- desire for belonging ---“you will not be cool or liked unless you use our product”; “you will be able to communicate and connect with people and make friends better if you buy our product”
- desire for fun --- “you will have the time of your life if you buy our product”
- dislike of difficulty --- “you will have an easier life if you buy our product”
- self-interest --- “buy one and get two!”
I remember watching TV as a kid and seeing all those toy commercials. The commercials always made the toys look really fun. I noticed the toy packaging always made the toys look really fun too. But when the toy came out of the package, fun didn’t magically appear; I had to create it myself with my imagination. I also began to notice my actual fun never looked like the fun shown on the commercials. I started to notice the techniques commercials used to make the toy seem extra fun--lots of close-ups and titled camera shots and motion and kids giggling and happy music, but none of that was anywhere to be found when I actually was playing with the toy itself. I tried to increase my fun by imagining I was in a toy commercial as I was playing, but after a while I started to feel like I was tying my play to a commercial. That seemed lame to me, so I stopped, and started looking for toys that were inherently fun.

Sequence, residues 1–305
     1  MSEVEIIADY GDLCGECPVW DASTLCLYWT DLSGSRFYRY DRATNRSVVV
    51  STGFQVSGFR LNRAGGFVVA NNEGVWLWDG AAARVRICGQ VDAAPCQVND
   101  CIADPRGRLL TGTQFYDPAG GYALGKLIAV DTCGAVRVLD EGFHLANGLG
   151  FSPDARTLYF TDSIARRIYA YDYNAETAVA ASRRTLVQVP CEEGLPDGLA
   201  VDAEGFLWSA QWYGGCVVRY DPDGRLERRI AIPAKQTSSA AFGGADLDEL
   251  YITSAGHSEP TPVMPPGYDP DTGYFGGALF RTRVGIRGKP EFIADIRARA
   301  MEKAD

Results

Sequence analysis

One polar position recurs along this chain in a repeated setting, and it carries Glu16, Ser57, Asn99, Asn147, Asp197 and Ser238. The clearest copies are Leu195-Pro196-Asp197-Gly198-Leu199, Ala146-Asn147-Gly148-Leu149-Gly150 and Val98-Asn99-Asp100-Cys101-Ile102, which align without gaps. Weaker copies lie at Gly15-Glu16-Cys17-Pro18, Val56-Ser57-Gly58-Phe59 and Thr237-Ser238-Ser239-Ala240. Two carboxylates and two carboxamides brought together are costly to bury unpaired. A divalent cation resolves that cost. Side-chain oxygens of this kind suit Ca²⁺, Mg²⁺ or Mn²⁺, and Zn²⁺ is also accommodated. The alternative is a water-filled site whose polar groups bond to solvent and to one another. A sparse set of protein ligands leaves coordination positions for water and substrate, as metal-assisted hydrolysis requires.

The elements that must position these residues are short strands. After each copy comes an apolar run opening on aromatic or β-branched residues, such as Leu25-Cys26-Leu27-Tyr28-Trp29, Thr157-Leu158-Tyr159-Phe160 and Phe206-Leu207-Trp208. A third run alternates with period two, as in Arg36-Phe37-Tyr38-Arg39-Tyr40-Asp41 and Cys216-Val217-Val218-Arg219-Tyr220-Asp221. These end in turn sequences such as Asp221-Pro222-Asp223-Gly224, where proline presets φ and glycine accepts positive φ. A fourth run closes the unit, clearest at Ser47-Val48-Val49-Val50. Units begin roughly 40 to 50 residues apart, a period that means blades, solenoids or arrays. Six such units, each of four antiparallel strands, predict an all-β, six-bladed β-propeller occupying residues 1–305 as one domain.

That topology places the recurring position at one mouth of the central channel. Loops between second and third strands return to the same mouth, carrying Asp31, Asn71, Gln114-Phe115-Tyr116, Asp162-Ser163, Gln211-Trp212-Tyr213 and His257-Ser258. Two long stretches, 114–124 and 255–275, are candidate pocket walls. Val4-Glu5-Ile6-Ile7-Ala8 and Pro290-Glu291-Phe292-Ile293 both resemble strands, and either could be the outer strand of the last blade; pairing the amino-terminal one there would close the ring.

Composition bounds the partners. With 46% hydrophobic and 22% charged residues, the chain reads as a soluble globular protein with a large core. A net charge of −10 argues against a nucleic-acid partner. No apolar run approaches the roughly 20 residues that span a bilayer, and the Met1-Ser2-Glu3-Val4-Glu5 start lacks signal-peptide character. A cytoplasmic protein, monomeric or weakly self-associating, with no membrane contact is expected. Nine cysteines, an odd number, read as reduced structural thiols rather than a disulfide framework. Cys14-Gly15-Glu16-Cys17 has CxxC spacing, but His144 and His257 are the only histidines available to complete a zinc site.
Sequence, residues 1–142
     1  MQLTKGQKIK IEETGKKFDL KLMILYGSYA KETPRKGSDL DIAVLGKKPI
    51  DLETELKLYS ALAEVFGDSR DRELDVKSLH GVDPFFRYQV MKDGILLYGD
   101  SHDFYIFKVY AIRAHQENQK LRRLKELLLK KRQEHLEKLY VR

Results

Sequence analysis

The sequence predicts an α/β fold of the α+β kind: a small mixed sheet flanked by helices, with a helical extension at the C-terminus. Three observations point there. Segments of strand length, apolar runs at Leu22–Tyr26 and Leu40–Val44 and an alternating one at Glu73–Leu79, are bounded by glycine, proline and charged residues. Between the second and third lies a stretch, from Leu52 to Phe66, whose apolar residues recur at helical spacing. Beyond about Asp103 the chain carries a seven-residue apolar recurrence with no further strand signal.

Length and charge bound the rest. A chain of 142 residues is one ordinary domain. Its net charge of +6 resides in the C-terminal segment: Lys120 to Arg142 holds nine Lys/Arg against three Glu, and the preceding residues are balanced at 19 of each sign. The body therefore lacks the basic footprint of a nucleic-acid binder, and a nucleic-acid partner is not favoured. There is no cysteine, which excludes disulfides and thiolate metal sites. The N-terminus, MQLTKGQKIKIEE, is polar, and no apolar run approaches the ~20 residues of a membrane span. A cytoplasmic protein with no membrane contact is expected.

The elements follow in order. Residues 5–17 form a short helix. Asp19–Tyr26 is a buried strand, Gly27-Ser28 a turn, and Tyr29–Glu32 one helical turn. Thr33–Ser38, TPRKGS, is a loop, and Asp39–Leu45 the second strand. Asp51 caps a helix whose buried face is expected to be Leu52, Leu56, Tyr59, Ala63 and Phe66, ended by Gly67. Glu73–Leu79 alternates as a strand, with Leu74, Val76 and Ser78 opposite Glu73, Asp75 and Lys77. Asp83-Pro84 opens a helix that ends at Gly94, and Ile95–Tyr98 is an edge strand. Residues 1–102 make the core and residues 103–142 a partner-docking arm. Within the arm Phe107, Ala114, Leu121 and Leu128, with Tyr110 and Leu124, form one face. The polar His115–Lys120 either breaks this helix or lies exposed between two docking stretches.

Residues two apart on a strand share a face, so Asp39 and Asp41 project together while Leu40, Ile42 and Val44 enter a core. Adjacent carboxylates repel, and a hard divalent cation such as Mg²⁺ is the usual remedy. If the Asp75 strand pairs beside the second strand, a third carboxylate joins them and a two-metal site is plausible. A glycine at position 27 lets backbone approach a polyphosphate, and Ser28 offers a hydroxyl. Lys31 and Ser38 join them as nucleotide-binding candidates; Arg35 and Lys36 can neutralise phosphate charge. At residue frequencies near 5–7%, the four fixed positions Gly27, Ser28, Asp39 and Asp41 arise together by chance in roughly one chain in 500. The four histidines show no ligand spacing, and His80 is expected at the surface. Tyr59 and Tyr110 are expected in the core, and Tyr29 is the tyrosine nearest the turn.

Catalogue pictures show us a picture of a person using a new product and smiling happily. We are to conclude that all their problems are over. The text underneath those pictures is artfully written to describe just how wonderfully the product works and how well it is made (of the finest materials) and how much fun you will have using it. There is no one around to critique the product you and point out just how unnecessary it really is, how rarely you will ever use it, how expensive it really is, and how little room you have to store it. (Ramps for your dog to get into your car? Long-armed extension pole for changing light bulbs in a vaulted ceiling? Seriously?!)
If you ever find yourself thinking that your problems will be over if you buy something, that’s when you’ve been snookered by marketing. You have fallen in love with an image. Image is not substance and reality. We want it to be reality (and marketers want us to think it is reality), but it is not.